Talks have resumed over Iran's nuclear program as a deadline for a draft agreement draws closer. Officials have been negotiating with Iran to wind back its program, in hopes of preventing it developing nuclear weapons.
US Secretary of State John Kerry met with his Iranian counterpart Mohammad Javad Zarif in the Swiss town of Lausanne on Thursday.
Kerry is expected to urge Iran to agree to the draft framework, due by Tuesday, in exchange for international sanctions being eased against the Arab state.
A State Department official traveling with Kerry said the US was cautiously optimistic about a deal.
"We can see a path forward here to get to an agreement (…) that doesn't mean we'll get there," he said. "March 31 is a real date and it is an important one."
The March and June targets were set after a second round of talks in November failed to realize turning a 2013 agreement into a comprehensive accord.
Both US President Barack Obama and Iran's Ayatollah Ali Khameini have said they hope not to have to have a third round of talks.
Iran's nuclear chief Ali-Akbar Salehi told AFP he was positive about reaching a deal, despite interference from those opposed to one.
"On the whole I am optimistic (…) but there are those who have an interest in more troubles. They are trying to make sure there is no deal," he said.
Leaders from six world powers - the US, Britain, Germany, Russia, China and France - are aiming to have an outline of an agreement agreed upon by the end of March, before a final version is made in June of this year.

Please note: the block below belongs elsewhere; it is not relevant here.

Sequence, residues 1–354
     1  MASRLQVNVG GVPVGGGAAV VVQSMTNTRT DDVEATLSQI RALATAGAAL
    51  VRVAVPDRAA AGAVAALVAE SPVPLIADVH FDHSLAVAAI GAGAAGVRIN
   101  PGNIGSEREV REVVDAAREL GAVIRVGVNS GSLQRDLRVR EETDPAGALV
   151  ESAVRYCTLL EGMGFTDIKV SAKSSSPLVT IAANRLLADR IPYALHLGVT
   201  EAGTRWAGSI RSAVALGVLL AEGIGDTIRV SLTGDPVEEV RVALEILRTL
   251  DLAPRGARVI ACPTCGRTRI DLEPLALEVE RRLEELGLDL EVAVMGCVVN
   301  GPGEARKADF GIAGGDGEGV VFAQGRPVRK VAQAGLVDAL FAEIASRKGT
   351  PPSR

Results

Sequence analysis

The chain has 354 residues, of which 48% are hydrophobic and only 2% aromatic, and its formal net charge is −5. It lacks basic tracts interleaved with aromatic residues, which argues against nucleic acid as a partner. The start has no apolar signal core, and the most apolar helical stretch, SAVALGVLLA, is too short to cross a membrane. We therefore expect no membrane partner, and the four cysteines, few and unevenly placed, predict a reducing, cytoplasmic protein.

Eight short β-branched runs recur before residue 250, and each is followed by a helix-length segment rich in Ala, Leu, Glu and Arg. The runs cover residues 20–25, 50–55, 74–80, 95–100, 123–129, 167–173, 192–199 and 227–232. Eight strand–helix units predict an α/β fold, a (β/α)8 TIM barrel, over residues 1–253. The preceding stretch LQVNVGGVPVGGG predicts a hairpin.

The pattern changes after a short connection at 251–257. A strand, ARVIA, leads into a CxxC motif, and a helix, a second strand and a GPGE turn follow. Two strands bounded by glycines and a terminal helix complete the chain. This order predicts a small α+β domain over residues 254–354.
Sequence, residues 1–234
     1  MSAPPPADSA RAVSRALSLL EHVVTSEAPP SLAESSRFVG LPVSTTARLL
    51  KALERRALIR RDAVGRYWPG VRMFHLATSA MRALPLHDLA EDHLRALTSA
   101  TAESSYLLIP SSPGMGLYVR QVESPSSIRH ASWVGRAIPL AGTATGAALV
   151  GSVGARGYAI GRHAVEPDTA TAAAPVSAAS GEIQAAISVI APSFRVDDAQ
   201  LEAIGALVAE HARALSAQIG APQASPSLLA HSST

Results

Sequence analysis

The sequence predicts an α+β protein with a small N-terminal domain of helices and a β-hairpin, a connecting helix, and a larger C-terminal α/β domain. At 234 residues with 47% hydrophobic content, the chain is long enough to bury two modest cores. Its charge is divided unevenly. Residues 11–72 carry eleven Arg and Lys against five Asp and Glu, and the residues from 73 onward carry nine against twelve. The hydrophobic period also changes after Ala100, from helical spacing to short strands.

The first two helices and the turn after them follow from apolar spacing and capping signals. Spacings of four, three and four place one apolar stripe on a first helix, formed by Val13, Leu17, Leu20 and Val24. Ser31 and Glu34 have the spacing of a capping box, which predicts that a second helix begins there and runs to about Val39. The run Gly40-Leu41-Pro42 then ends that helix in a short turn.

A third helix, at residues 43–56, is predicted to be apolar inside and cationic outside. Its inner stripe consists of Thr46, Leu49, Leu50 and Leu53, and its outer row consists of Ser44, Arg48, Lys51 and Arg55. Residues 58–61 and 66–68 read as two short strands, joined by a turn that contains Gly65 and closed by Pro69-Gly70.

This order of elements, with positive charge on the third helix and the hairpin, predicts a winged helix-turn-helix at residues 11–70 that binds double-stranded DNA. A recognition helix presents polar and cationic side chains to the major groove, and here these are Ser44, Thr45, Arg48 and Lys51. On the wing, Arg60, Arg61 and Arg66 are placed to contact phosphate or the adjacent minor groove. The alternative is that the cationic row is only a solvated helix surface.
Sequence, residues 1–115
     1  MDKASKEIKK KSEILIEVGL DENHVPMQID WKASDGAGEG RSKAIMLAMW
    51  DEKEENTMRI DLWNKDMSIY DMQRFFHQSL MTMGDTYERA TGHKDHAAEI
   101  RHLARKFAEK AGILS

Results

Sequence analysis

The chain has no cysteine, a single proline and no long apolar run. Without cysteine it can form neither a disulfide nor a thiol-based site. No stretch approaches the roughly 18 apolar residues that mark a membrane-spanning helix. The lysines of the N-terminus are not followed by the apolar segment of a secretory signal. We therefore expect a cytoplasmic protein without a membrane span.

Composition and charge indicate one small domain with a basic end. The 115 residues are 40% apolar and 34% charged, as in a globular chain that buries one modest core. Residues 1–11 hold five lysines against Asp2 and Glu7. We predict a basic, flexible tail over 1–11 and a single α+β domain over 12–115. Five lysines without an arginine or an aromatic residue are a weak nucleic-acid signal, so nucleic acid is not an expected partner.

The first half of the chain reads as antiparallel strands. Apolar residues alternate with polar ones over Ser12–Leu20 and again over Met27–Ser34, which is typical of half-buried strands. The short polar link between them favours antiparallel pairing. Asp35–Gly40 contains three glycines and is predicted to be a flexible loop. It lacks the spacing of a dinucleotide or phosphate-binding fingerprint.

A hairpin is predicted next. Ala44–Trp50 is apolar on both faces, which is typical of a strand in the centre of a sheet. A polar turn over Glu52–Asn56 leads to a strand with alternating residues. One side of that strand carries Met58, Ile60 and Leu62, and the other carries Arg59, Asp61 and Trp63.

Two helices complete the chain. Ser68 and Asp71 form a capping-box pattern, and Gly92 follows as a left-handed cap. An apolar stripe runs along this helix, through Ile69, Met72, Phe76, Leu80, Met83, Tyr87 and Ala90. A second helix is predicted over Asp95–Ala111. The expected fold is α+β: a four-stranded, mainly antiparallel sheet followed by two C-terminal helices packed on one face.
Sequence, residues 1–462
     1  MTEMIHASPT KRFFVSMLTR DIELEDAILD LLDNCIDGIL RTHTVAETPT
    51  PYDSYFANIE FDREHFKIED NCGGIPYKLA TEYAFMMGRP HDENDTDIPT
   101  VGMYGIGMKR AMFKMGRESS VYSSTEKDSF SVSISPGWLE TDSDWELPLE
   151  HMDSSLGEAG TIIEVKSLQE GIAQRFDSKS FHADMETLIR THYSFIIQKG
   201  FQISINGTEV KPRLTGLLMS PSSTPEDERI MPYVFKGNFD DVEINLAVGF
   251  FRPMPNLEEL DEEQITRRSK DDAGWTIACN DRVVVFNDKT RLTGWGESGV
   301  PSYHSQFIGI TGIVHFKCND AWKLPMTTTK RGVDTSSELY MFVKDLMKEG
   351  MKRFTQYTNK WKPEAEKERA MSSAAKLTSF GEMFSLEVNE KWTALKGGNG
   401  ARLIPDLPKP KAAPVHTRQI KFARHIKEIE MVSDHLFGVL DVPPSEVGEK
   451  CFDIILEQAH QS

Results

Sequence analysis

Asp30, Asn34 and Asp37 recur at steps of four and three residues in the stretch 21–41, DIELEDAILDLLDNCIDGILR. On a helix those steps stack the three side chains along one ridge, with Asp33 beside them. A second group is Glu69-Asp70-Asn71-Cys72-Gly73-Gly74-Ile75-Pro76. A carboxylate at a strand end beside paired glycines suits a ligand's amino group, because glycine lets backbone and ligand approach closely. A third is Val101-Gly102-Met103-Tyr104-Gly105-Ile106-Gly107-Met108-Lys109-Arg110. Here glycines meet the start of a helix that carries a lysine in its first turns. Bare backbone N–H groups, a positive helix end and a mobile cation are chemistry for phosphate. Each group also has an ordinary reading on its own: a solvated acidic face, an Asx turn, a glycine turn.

However the US, United Nations and European Union say sanctions would be quickly reinstated if Iran violates any of the deal's terms, something Iran disagrees with.
The agreement would be a historic achievement for the West and Iran, ending a 12-year standoff over the nation's nuclear program.
Air strikes over Yemen
It comes as US-ally Saudi Arabia launched air strikes on Iran-backed fighters in neighboring Yemen, sparking an angry reaction from Tehran.
Saudi Arabia said the action was designed to reinstate what it called the legitimate government of President Abed Rabbo Mansour Hadi, who fled Yemen's capital Sanaa last month after it was captured by rebel forces.
Iran's foreign minister warned there could be no positive outcome from the strikes.
"Military action from outside of Yemen against its territorial integrity and its people will have no other result than more bloodshed and more deaths," he said.
The head of the Iranian parliament's national security and foreign policy committee, Alaedin Boroujerdi, went further, accusing the US of helping with the attacks.
"America, which leads the fire mongering in the region, has supported this act and no doubt Saudi Arabia and some countries in the Arab cooperation council would not get involved without America's permission," Boroujerdi said.
Although neither diplomat would comment on the situation before discussions began, a conference call was held between Kerry and Gulf ministers concerning the Yemen crisis.
A senior US official said the during the call Kerry thanked the coalition for launching military strikes against the Houthis, and highlighted Washington's role in providing intelligence and support for this latest round of action.
A 'dangerous' agreement
The re-election of Israeli Prime Minister Benjamin Netanyahu, who has expressed very public opposition to any agreement with Iran, has also upped the pressure on the United States.
On Wednesday, Netanyahu said his feelings towards the deal remained unchanged.
"We will continue to act to prevent the emerging agreement with Iran, an agreement which endangers us, our neighbors and the world," he said.
The issue has strained already troubled ties between the US and Israel, despite Netanyahu pledging to "preserve our (Israel's) alliance" with the US.
an/msh (AFP, AP, Reuters)